During my 50 dates I took one of the girls to a wedding where she knew no-one (not even me)
and today I got to see how she might have felt as I attended the marriage of a man I had made faint and his Trinidadian Hindu bride who is apparently not concerned about becoming to betrothed to a man who can't even have a penile injury described to him without keeling over.
I have to say that everyone made me feel very welcome from my arrival last night onwards. I had arrived at the bride's family home to be greeted with a fair sized pre-wedding dinner party and fed with a variety of vegetarian Indian food and got to meet various relatives and friends, both from Trinidad and England. Given I knew no-one and that this could have been a very random and surreal excursion I was surprised by how quickly I felt totally at home. When people asked me if it was weird being here I had to admit that the weird thing was that I felt like I belonged there. As I admitted to the groom at the wedding, a couple of years ago I would have been too self-conscious to accpet his invitation, but after all the crazy stuff I did for the Hercules show, this felt like a coincidence that I couldn't ignore and a possible adventure and even if it had been tedious or embarrassing (neither of which it was) then it would only have been a day of my life gone. Though there had been times as I made my way there when I considered that this might have been an elaborate practical joke or trap of some kind. Someone could have decided to pretend to be the bloke who fainted at that gig in order to lure me to Trinidad (where I found out too late its all "I for me, you for you" to , I don't know, force me to do a gig for no fee. Or kidnap me and make me act as a sex slave to a harem of beautiful Trinidadian women. Or something bad. It would have been an elaborate and unusual lie, but those are the kind of lies that work best.
The actual wedding was in a vast building in the middle of nowhere and there were hundreds of guests. The room was decorated in pink and purple in an extremely extravagant fashion and the ceremony was taking place on a stage at the front with all particpants in luxuriant costumes. The Hindu ceremony is very long (and even this somewhat expurgated version took over an hour) so even as we arrived things had begun and the bride was being taken through some ceremonial precursor by the Pundit (that's what they call vicars in the Hindu religion - which at least is a bit more honest. I'd like to think of all religious people as pundits, proferring opinions on what might be going on). The groom arrived a bit later, looking very swanky in a turban and Indian clothing - none of this had been in the Trinidad song and far from robbing and killing me all the locals I met seemed to be very keen to make me as happy as possible and if anything give me loads of free stuff. The taxi driver had lied to me through song. Like Homer Simpson, I hate it when that happens.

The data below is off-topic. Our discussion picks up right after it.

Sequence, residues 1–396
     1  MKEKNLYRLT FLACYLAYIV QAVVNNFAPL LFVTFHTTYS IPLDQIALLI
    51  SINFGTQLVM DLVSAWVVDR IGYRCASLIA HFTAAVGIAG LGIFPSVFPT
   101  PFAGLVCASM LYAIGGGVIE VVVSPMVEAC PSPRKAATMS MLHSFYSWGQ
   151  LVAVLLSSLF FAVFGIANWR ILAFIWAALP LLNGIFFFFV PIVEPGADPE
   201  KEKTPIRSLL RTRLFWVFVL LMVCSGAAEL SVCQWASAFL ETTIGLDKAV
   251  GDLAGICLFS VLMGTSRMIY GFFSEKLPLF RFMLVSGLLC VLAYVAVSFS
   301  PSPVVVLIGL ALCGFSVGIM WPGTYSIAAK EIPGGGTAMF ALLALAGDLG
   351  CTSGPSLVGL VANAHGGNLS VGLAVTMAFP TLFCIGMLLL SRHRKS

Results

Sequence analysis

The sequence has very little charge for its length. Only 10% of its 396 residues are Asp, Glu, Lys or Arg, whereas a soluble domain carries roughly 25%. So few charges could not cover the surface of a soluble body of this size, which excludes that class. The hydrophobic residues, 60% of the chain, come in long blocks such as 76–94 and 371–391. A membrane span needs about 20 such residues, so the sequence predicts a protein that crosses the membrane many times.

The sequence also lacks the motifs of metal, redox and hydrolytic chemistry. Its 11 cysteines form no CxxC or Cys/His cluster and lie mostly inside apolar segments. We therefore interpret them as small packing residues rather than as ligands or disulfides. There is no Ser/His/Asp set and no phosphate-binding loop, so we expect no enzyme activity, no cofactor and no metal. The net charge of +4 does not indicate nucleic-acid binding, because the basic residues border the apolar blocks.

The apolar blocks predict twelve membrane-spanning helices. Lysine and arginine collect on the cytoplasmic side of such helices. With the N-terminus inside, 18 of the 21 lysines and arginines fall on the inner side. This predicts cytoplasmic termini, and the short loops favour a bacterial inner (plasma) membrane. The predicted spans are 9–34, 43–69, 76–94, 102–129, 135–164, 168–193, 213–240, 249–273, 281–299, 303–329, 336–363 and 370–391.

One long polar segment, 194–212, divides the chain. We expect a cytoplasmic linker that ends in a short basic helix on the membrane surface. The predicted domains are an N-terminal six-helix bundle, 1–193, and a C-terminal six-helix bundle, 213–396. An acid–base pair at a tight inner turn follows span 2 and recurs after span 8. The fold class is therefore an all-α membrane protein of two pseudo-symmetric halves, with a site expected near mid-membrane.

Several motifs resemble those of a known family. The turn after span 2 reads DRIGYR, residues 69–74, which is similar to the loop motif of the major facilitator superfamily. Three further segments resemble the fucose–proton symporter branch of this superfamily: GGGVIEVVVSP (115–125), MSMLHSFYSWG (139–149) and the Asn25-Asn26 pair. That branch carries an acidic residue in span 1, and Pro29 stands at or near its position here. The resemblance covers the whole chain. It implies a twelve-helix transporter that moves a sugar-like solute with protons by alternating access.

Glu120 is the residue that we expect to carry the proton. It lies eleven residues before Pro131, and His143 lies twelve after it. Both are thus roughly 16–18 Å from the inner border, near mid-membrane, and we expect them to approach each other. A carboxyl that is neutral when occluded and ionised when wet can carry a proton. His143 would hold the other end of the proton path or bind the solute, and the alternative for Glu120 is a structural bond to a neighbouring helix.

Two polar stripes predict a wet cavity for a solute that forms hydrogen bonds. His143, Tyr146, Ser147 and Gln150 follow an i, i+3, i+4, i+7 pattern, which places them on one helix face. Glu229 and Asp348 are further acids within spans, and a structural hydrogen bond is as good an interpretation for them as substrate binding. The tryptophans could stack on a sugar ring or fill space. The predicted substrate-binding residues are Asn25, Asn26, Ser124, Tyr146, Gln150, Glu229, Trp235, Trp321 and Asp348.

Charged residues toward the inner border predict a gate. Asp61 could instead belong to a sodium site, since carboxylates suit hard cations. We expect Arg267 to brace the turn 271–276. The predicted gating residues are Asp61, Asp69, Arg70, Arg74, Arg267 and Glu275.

I suppose when I had been invited I had had preconceptions about what a wedding in Trinidad would be. I had assumed we'd be on a beach and that rum based drinks would be flowing and maybe there would be a bevy of dusky maidens in bikinis serving me mangoes and pineapples while I lay back on a lounger in the sun. But I had been wrong to imagine that, which is why you should never generalise about a country or fantasise about what they might have to offer you. Instead I was at a big Indian style wedding (proper Indian, not the incorrectly attributed West Indian) with vegetarian food and no alcohol. If it wasn't strange enough to be at the nuptials of some people I couldn't really claim to know anything about, it was also slightly difficult to get my head round all these clashes of cultures and preconceived notions. But I did become emotionally involved and really liked the man I had made faint (who was now I a turban) and his beautiful, laughing bride. I had planned to get payback by fainting at some crucial moment of the ceremony, but it seemed inappropriate and unlike some people I am happy to let the attention stay focused on the people on stage without having to make it all about I for me.
And not getting drunk at a wedding seemed like a pretty good call. It means everyone remembers everything and no-one can claim later that they didn't know what they were doing because they were pissed!
I had a lovely time and am considering renting myself out as a wedding guest to people who read this weblog and have a spurious connection to me. This time I did it in return for food and non-alcoholic drinks, but next time I will be charging for my appearance. I could see that the 250 or so Trinidadians were pretty astonished to see that Richard Herring had made it along for the wedding. They pretended not to know who I was, which was nice, but I know that the minute I have had sex with Jordan they will be naming a stadium of some kind after me.
I had to dash away to get my flight back to Tobago which I nearly didn't make thanks to my Trinidad taxi being half an hour late - and I didn't even get any songs from the driver to calm my fears or to try and turn me against the Tobagonians, but I escaped the island having had nothing stolen from me at all, except my heart.
I don't mean that in a metaphorical sense, whilst I wasn't looking a Trinidadian youth cut out my actual heart and replaced it with an old coke can. It was a very crafty manoeuvre and apparently he can make up to 10 T&T dollars for it if he has the right contacts.